Amoebas Helping COPD Researchers to Study Effects of Cigarette Smoke

Amoebas Helping COPD Researchers  to Study Effects of Cigarette Smoke

A new experimental model — the social amoeba known as Dicty — may greatly help researchers understand the mechanism by which cells in airway passages protect themselves against cigarette smoke, and advance needed research into chronic pulmonary diseases tied to smoking.

The model’s discovery, presented by Corrine R. Kliment and colleagues from Johns Hopkins University in Baltimore during ASCB 2015, the annual meeting of the American Society for Cell Biology held earlier this month in San Diego, California, is detailed in a study titled “Cytoskeletal and Mitochondrial Genes as New Targets in the Protection of Airway Epithelial Cells Against Cigarette Smoke.

Chronic obstructive pulmonary disease (COPD) describes a group of lung diseases — including chronic bronchitis, emphysema, and chronic obstructive airways — that are a major cause of morbidity and mortality worldwide. Air pollution and other airborne irritants can be factors in COPD development, but cigarette smoking is unequivocally its main cause. There is no cure for COPD, and novel treatment targets are urgently needed since standard therapies have limited effect on disease progression or mortality.

The research team found two new surprising such targets in the amoeba models they chose to study the effects of cigarette smoking. The social amoeba Dictyostelium discoideum, or Dicty, they thought a particularly good model for human COPD,  since it reacts robustly and predictably to cigarette smoke or to its laboratory form, cigarette smoke extract (CSE). Dicty, studied alongside human bronchial epithelial cells, opened potential ways to identify new pathways and therapeutic strategies that might protect the airways against cigarette smoke (CS).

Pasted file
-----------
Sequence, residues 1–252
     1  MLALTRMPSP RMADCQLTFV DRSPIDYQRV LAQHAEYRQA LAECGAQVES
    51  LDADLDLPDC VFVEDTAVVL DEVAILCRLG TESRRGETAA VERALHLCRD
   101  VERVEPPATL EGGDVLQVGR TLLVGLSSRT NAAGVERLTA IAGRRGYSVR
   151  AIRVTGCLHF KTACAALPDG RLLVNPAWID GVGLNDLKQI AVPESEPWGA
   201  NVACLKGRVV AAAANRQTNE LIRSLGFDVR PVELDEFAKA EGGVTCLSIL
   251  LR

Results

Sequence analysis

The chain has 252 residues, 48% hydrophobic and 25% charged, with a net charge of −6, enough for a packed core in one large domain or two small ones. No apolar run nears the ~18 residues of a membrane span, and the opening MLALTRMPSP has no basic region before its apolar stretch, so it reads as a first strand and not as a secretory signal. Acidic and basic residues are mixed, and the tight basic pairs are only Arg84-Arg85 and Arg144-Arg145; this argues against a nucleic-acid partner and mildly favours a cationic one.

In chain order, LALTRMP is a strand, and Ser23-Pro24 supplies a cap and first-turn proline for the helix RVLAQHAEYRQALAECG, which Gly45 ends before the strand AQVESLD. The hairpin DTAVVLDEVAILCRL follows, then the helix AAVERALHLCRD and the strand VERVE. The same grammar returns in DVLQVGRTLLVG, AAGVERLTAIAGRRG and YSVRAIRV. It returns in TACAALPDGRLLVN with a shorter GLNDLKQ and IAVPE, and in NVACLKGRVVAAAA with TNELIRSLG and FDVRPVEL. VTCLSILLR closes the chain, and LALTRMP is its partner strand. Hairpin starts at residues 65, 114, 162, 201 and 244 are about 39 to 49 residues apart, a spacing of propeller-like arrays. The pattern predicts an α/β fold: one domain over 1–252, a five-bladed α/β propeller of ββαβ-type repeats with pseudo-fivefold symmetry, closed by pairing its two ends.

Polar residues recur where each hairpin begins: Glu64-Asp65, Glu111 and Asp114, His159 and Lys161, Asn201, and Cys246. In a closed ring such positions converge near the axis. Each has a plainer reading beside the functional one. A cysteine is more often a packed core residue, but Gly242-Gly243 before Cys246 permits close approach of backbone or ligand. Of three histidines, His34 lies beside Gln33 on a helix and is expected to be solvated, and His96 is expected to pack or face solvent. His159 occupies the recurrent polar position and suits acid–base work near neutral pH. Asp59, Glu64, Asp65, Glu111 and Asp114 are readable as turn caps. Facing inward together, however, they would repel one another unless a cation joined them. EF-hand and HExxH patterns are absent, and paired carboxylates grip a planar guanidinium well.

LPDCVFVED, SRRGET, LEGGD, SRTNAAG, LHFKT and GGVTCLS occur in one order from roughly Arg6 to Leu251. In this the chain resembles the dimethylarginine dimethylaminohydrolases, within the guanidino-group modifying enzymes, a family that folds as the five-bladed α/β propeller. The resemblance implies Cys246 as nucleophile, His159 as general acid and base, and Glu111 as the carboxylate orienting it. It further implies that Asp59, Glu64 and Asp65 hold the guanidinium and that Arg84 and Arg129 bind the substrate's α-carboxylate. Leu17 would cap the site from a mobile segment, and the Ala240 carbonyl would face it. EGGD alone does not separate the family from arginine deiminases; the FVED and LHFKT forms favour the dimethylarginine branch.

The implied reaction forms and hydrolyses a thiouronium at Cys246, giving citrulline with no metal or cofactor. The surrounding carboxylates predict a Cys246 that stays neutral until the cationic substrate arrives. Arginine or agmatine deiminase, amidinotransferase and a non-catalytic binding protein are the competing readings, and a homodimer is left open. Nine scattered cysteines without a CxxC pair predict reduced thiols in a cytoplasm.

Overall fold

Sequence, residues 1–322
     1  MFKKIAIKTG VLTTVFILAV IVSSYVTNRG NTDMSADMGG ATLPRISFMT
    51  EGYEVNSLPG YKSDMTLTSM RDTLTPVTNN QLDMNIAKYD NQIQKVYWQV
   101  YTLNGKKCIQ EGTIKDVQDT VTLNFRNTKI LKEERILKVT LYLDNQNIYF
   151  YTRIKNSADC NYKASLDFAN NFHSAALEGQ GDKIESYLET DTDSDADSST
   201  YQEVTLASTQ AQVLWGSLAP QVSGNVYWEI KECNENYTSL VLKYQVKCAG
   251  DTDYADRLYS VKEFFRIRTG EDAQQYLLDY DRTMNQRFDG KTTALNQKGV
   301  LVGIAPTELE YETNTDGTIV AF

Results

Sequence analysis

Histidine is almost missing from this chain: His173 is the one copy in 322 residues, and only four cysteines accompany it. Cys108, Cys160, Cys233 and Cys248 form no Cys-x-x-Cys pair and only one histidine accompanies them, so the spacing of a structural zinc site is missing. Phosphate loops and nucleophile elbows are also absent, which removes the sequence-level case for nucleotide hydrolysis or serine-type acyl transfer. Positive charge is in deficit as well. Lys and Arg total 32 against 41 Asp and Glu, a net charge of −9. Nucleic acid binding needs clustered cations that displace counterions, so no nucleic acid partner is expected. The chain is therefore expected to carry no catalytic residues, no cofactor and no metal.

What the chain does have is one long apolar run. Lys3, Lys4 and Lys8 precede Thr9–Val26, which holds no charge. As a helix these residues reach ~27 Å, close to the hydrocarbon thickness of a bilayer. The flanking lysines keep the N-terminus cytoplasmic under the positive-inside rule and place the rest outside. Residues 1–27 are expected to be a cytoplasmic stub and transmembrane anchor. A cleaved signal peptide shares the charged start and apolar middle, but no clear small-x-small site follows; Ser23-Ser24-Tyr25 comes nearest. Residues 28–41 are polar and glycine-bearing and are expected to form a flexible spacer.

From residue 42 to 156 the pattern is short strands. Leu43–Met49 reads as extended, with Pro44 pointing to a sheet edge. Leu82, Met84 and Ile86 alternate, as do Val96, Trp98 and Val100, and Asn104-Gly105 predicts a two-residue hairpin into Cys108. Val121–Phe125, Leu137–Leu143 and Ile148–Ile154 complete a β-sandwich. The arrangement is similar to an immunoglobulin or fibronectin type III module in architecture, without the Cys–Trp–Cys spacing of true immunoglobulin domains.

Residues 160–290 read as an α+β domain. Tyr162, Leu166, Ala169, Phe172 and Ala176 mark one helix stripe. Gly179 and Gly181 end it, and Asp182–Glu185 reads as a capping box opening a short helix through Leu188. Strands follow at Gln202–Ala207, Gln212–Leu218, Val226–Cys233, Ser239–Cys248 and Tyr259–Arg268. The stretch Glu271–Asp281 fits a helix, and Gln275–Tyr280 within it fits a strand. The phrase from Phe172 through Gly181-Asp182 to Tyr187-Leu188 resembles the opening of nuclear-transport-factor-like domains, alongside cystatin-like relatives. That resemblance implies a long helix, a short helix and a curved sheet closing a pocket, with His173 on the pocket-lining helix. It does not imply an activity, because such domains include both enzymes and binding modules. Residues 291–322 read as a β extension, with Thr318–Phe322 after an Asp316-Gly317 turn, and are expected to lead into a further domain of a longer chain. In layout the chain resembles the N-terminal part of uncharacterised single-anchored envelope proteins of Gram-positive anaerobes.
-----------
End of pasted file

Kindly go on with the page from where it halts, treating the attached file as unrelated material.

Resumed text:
The team found that CS, used as an oxidative insult, led to cytoskeleton and metabolism modifications in the amoebas. CS extract (CSE) slowed the growth rate of  Dictyostelium discoideum in a concentration‐dependent manner. The researchers were able to identify Dicty genes that seemed to offer a protective effect against CSE. For this, they used a cDNA library to screen over 30,00 transformants that led them to 10 genes, covering three cell pathways — cytoskeleton, metabolism, and genome/translation — that protected against CS‐induced growth defects.

They focused on two genes: Actin‐interacting protein‐1 (Aip1), involved in changes in the cell cytoskeleton, and the ADP/ATP translocase (AncA), which is critical for mitochondrial ATP transport involved in cell metabolism.   The AncA gene has well-known paralogs in humans, the ANT genes. By reintroducing the two genes into the amoebas, the researchers restored protection against CSE‐induced growth defects. They also used human bronchial epithelial cells (HBEKTs) to evaluate the impact of 10% or 20% CSE exposure. They observed that both insults induced ANT1 expression, indicating a cellular protective effect by ANT. Moreover, increasing the expression of ANT2 in human HBEKTs led to higher cell viability and preservation of cell morphology after CSE treatment.

Overall, this study combined the benefits of two model systems, human lung epithelium and the amoeba Dictyostelium discoideum, to offer a powerful new approach to discovering the pathways involved in COPD biology as well as strategies that might lead to new COPD therapies.

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